SEPTEMBER 1, 2022 — The University of Texas at San Antonio has been awarded a five-year, $3 million grant from the National Science Foundation (NSF) to study pedagogical approaches for supporting Hispanic and underrepresented students in STEM disciplines.
The funding will advance the university’s strategic goal to become a model for student success, a great public research university, and an exemplar for strategic growth and innovative excellence.
“I deeply believe education is the primary driver of social mobility, and this award greatly enhances UTSA’s efforts to develop even more innovative programs to support future Roadrunners and students from all backgrounds nationwide,” said UTSA President Taylor Eighmy. “From our selection as a recipient of the prestigious Seal of Excelencia to our more recent induction as a founding member of the Alliance of Hispanic Serving Research Universities, we are incredibly honored to be recognized for our commitment to advancing Latino student success in San Antonio and beyond.”
Senior Vice Provost for Academic Affairs and Dean of the University Heather Shipley will serve as principal investigator for the project, titled “HSI Institutional Transformation Project: STEM Undergraduate Education through a Hispanic Student Success Framework.”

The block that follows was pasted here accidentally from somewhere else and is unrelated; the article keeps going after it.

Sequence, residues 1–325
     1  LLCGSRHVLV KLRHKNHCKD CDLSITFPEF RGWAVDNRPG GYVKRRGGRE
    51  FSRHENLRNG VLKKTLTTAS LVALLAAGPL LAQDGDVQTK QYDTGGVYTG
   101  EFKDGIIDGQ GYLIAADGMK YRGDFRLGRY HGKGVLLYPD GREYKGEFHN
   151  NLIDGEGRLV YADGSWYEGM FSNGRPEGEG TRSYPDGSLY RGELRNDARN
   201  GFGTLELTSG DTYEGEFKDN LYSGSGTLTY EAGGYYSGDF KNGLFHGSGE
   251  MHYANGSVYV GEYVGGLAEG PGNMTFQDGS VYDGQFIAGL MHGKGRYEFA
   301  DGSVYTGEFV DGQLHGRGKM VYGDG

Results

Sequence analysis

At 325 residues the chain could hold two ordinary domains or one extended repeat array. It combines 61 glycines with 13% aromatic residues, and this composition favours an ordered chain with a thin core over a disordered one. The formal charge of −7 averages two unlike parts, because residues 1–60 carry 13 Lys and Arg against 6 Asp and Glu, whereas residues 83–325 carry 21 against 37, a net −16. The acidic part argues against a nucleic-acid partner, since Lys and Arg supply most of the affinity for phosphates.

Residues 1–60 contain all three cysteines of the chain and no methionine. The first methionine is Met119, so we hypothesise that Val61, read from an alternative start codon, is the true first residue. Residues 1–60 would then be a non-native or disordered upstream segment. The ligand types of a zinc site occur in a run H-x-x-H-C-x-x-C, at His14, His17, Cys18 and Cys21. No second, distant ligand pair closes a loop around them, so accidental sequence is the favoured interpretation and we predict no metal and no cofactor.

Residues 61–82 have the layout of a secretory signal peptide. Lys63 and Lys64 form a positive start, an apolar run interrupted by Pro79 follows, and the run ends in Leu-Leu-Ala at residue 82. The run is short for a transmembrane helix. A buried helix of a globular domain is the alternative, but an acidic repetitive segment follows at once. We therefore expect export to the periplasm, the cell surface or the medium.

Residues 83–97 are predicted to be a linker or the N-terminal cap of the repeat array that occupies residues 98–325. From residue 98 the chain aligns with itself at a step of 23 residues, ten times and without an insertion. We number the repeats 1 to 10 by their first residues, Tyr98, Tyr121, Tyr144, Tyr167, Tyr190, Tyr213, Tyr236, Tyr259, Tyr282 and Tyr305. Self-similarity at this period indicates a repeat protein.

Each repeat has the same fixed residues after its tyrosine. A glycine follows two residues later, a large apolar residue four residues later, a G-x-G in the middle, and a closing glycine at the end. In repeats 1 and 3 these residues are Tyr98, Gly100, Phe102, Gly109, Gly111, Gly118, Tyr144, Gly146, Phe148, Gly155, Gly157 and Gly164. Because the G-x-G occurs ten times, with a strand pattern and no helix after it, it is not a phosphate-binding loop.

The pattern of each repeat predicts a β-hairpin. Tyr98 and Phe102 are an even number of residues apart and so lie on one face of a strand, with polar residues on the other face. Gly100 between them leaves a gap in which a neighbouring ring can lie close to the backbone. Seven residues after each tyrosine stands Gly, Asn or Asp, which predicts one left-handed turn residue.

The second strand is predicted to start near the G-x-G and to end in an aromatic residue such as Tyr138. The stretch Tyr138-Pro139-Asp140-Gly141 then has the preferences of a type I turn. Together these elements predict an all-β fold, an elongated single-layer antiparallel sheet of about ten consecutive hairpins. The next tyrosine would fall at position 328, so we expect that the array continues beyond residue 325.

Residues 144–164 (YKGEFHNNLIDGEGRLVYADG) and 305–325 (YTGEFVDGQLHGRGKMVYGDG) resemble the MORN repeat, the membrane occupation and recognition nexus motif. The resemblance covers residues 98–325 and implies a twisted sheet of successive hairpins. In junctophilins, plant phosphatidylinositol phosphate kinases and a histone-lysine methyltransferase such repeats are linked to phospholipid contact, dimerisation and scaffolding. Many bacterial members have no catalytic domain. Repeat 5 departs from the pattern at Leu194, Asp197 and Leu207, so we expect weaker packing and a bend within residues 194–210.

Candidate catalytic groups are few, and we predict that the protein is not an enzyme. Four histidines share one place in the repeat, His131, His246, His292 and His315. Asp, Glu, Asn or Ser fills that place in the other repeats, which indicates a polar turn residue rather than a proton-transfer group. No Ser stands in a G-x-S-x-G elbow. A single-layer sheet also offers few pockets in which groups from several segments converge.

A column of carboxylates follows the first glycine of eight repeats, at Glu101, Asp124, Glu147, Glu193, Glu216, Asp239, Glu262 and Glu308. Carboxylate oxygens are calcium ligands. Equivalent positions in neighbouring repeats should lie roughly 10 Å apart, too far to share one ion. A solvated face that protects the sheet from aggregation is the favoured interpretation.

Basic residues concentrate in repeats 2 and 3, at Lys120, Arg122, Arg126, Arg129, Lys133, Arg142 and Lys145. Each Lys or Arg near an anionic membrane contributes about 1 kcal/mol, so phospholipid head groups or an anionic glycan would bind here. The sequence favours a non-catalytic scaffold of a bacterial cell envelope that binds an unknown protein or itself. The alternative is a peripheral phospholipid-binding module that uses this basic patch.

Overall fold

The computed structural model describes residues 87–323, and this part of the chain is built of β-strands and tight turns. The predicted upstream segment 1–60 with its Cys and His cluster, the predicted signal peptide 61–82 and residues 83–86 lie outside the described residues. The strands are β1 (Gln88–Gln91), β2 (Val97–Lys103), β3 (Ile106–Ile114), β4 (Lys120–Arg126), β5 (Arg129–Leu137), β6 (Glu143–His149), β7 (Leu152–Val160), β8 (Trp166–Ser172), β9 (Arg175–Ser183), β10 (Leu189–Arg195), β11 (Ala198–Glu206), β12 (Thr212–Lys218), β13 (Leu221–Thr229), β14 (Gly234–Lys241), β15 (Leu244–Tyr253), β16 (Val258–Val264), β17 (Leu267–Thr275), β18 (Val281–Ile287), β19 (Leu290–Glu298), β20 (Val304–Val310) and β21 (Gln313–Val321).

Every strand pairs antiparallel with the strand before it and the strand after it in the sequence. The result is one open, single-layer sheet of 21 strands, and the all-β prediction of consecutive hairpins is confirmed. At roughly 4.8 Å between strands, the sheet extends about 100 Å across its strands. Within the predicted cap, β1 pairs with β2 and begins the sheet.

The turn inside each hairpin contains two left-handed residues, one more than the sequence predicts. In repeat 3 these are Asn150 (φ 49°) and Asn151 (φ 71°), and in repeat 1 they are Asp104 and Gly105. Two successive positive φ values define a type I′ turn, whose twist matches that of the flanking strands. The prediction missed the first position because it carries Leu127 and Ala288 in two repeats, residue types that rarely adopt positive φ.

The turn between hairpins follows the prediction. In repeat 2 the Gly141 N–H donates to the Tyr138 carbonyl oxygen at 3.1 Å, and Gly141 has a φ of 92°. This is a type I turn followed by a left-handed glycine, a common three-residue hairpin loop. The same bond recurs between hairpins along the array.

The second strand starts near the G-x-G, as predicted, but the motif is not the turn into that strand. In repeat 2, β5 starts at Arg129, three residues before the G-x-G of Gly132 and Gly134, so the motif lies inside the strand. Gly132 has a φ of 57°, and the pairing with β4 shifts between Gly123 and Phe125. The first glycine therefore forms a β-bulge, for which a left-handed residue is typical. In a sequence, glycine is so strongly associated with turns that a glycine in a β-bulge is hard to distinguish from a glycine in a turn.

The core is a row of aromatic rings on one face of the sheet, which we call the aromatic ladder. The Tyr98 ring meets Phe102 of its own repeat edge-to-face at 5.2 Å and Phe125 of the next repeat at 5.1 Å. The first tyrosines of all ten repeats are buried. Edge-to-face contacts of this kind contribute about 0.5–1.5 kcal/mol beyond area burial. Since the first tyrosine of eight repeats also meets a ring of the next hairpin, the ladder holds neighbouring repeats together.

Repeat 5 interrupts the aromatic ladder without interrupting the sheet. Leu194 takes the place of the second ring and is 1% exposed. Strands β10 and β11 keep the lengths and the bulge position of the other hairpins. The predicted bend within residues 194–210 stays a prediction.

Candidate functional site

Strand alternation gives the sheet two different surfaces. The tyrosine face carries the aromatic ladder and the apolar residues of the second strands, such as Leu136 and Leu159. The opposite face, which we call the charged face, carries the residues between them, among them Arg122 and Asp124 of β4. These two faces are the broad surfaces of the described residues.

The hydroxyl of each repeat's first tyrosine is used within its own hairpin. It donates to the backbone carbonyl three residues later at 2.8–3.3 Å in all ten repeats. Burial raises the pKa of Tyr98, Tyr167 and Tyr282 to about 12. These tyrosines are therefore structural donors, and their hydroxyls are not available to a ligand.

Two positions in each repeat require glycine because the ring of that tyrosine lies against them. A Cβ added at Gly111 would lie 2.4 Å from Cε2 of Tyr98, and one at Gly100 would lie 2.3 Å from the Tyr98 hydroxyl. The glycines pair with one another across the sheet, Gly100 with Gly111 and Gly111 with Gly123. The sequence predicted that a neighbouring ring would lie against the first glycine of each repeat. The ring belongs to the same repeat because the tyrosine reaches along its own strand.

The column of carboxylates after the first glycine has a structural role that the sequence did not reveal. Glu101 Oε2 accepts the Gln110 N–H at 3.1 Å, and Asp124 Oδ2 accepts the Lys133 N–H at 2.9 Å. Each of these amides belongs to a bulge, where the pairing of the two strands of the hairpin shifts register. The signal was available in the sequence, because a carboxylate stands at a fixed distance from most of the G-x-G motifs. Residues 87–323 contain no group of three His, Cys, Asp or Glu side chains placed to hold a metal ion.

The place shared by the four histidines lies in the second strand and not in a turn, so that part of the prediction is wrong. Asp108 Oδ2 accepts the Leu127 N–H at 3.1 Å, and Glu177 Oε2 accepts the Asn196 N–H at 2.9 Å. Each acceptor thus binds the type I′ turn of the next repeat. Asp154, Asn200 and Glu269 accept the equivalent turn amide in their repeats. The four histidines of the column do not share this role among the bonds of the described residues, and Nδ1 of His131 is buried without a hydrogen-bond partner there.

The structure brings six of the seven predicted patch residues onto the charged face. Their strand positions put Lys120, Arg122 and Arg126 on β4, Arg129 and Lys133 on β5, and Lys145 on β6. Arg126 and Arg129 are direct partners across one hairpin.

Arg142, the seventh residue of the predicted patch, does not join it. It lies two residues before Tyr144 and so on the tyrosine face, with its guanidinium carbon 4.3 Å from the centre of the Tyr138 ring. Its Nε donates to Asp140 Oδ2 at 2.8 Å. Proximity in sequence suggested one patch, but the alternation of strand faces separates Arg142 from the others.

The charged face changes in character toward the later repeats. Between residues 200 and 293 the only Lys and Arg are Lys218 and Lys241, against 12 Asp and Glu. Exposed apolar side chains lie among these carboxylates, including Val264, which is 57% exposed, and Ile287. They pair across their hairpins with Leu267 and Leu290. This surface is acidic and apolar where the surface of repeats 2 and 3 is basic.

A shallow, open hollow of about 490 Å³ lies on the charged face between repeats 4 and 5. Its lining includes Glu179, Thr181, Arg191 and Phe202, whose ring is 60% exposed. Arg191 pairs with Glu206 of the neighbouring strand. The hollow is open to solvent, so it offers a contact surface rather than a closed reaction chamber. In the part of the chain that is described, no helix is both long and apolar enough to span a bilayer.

Co-principal investigators are Mark Appleford, associate vice provost of undergraduate studies and associate professor of biomedical engineering in the Margie and Bill Klesse College of Engineering and Integrated Design; Arturo Montoya, associate dean of undergraduate studies in the Klesse College and associate professor of civil engineering and environmental engineering and construction management; and Vanessa Sansone, assistant professor of educational leadership in the College of Education and Human Development.
The goal of the cross-disciplinary team, said Shipley, is to develop an HSI Student Success Servingness Framework that can be replicated at other HSIs nationwide.
The framework will focus on pedagogy development through evidence-based teaching approaches and will include enhanced student peer mentoring, professional development of graduate students and faculty, and review of current policies and practices with a focus on diversity, equity and inclusion.
Ultimately, the integrated Servingness Framework will be used to improve student learning and self-efficacy by developing new instructional methods and implementing curricular changes through teaching approaches and instructor coaching.
“The concept of ‘servingness’ corresponds closely to UTSA’s vision of becoming a Hispanic Thriving Institution,” said Shipley. “While universities are federally designated as HSIs based on enrollment demographics, ‘servingness’ is a multi-faceted approach to understanding how well universities actually are supporting their Hispanic students and developing organizational change to enhance that support.”
As part of developing the Servingness Framework, the project will accomplish the following tasks: